Blockchain is capable of recording every movement of a truck, moves all intermediaries away and dramatically simplifies the document flow. This all comes with the renowned security and auditability of the technology that makes any attempts to pull an illegal act virtually impossible.
The resulting ecosystem costs much less to operate, provides much more security and reliability, and, thanks to removing unnecessary elements, straightens the entire supply chain.
This appeal couldn’t have gone unnoticed by nation states and companies, so there are a few blockchain-based solutions for logistics developed today that attempt to fulfill the technology’s tempting promise to the industry.
Like any big endeavor, it all started with experiments.
In late 2016, R3 members Wells Fargo and the Commonwealth Bank of Australia tested blockchain in running a global transaction on smart contracts in order to ship cotton from the U.S. to China. However, the process was put to a halt once the goods were successfully delivered, and the involved entities announced that they were generally happy with the outcome, but were not quite ready to embrace the technology completely.
This experiment continued in the Netherlands, where the Port of Rotterdam cooperated with a dozen local entities and educational facilities to operate a somewhat similar project, which, however, is set to last for two years unlike the short-living experiment by Wells Fargo and the Commonwealth Bank.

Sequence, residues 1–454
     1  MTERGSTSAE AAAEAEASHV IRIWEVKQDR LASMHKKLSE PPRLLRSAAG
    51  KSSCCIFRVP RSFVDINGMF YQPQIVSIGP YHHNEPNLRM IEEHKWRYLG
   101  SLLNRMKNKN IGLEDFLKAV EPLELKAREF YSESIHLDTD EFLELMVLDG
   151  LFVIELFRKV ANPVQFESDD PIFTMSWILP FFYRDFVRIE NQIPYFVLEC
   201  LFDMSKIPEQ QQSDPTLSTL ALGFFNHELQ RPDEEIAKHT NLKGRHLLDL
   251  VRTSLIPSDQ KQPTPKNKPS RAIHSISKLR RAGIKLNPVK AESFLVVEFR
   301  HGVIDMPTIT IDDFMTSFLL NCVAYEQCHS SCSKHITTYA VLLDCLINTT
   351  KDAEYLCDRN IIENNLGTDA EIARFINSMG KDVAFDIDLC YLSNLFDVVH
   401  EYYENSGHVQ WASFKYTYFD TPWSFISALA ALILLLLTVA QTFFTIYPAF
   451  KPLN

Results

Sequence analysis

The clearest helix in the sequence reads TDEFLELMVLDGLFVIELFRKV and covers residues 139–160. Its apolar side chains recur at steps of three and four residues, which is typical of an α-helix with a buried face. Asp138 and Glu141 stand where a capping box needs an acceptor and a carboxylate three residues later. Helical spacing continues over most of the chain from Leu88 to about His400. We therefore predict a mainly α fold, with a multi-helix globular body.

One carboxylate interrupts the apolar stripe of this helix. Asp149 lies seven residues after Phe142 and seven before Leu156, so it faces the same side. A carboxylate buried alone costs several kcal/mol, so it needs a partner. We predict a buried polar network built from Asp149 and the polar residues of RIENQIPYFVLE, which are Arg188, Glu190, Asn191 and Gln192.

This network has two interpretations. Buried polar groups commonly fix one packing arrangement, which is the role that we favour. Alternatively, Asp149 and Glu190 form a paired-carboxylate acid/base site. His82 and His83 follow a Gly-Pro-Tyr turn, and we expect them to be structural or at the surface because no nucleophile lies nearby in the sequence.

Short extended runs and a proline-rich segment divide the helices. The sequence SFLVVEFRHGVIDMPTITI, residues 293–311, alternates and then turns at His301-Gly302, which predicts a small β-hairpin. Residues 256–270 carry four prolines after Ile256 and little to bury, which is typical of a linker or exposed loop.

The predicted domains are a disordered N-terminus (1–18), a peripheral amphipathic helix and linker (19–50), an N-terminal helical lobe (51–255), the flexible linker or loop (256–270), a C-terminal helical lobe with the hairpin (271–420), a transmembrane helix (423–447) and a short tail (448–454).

A couple of major international companies have used Hyperledger Fabric by IBM to test the abilities of blockchain: Denmark-based Maersk sought to increase the efficiency of its document flow and cargo management, while Walmart in the U.S. decided to trace the origins and the delivery of a pork shipment from China. It has also patented a blockchain-powered solution for delivery by drones.
Blockchain has interested other major players in the field, like Amazon and Alibaba, yet there is little news concerning any particular moves by those companies in this direction. Altogether, most projects that attempt to employ blockchain in logistics use corporate funds, and therefore remain mostly centralized.
There are, however, two logistics-related projects that opted to raise funds in the more innovative way of token sales, namely A2B Direct and Blockfreight.